To call the Chemical Brothers’s No Geography a kind of impeccable fan service is to suggest a criticism entirely unintended. If the U.K. duo’s ninth album resembles loving speculative fiction, it’s of an urgent, exciting sort that the electronic pioneers have more than earned over their relatively consistent 25-year career. In fact, save for the wonky sequencing choice of front-loading the two most negligible songs—the boilerplate big-beat intro of “Eve of Destruction” and ”Bango”—No Geography could easily pass for a collection of epic B-sides to some of Tom Rowlands and Ed Simons’s signature classics.

“MAH” (short for “Mad As Hell”) is a dopamine-surging mash of familiar sounds, its frenzied, vaguely tribal beats and grinding noise reminiscent of “It Began in Afrika” and “Chemical Beats,” respectively. “Gravity Drops” gives the 808s-on-Salvia drum thunder of “Come with Us” a modern production spit-shine, with some additional sprinkling of Kraftwerk’s “Computer Love” and Aphex Twin’s “Windowlicker.” “We’ve Got to Try” similarly resurrects the hip-hop-based car-stereo thump of the Chemical Brothers’ first two albums, and even raises a glass to two of the stronger tracks (“High Roller” and ”Busy Child”) by their early American counterpart the Crystal Method.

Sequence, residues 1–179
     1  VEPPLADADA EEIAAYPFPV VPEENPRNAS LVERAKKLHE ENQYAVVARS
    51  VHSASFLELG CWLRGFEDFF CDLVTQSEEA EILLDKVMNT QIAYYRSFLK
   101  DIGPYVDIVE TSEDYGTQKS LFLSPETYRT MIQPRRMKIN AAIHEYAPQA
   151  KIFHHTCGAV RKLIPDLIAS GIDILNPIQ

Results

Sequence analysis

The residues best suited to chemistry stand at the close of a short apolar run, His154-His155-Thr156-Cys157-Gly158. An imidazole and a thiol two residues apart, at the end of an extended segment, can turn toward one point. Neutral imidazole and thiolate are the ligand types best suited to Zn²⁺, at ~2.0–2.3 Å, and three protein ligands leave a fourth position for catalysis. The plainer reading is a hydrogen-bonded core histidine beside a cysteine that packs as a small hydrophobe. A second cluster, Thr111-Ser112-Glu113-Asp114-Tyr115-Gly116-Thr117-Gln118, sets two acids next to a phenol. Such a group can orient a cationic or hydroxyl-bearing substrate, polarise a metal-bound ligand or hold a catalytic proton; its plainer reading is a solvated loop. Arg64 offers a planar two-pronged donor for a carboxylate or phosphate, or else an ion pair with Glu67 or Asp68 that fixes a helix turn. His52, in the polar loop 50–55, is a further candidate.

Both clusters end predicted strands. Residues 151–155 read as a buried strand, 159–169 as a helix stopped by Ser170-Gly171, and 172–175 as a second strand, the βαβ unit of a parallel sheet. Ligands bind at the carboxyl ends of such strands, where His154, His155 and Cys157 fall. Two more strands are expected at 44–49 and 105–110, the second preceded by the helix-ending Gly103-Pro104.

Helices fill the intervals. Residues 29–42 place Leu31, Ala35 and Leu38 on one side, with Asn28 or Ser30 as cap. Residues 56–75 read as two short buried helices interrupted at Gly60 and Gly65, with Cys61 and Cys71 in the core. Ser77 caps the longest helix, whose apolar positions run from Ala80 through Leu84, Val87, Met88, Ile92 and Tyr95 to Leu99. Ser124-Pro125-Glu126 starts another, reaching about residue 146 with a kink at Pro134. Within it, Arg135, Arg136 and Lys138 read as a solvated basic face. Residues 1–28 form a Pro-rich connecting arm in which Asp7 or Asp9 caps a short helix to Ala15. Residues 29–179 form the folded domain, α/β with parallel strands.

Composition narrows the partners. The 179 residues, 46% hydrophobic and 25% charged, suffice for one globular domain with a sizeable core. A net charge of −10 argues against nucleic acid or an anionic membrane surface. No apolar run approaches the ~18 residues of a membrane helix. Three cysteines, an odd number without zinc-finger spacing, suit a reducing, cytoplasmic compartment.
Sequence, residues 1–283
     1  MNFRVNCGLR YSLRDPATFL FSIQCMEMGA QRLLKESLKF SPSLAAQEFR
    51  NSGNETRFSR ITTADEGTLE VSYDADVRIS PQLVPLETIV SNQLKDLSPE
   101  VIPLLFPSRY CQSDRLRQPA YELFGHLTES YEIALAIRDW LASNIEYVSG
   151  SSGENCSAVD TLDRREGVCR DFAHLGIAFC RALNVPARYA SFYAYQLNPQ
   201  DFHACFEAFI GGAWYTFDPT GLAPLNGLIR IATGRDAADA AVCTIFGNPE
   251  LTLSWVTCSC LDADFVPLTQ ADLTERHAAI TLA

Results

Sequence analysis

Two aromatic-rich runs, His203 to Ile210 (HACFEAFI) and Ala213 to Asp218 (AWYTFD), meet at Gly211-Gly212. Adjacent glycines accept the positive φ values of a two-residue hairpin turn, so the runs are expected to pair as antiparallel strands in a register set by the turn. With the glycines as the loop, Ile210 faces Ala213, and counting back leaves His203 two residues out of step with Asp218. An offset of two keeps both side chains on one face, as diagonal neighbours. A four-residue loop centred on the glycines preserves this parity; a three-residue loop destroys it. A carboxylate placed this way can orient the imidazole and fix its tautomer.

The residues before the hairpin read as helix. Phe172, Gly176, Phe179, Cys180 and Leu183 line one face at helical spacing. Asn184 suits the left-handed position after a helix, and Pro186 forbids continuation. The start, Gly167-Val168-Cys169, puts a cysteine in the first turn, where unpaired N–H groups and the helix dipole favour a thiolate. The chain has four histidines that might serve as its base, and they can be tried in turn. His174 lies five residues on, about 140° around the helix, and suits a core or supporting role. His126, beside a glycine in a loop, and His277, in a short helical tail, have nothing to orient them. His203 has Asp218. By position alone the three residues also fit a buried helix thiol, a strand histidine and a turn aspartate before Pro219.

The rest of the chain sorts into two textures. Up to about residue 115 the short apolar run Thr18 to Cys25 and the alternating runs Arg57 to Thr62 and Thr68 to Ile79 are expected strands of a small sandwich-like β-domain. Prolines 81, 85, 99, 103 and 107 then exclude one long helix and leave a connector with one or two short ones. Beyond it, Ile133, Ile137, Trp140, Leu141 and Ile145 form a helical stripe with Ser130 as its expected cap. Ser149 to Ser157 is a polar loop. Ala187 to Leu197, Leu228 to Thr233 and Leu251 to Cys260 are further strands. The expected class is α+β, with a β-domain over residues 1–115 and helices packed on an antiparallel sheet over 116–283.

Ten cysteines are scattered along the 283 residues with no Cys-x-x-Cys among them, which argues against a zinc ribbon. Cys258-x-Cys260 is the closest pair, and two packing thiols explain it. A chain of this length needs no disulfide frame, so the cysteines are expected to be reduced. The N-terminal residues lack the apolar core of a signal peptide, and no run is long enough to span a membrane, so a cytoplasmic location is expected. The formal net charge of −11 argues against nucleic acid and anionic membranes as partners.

Fans of the Chemical Brothers tend to have their own favorites among the many genre styles the pair use to generate their panoramic sonic palette. If you love the group’s bouncing, THC-fried detours into crisp, disco-infused pop, singles like “Got to Keep On” and “Free Yourself” are made to order. For this listener, it’s the moody dance-floor psychedelia, and in this vein, No Geography thrills as well: “The Universe Sent Me” gives “Star Guitar” a darker, more meditative spin with its humming baseline, ethereal Liz Frazier-esque vocals, and fire-damaged guitars, and “Catch Me I’m Falling” winds down the BPMs while turning up the intergalactic lovesickness. These songs, like the album as a whole, display elements of all stages of the duo’s career yet retain the same playful inspiration found in their best work.

Label: Astralwerks Release Date: April 13, 2019 Buy: Amazon

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Watch: Madonna Unveils Teaser Trailer for New Concept Album Madame X

The secretiveness surrounding the project isn’t surprising given that Madonna has been the victim of rampant leaks.

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Madonna
Photo: Instagram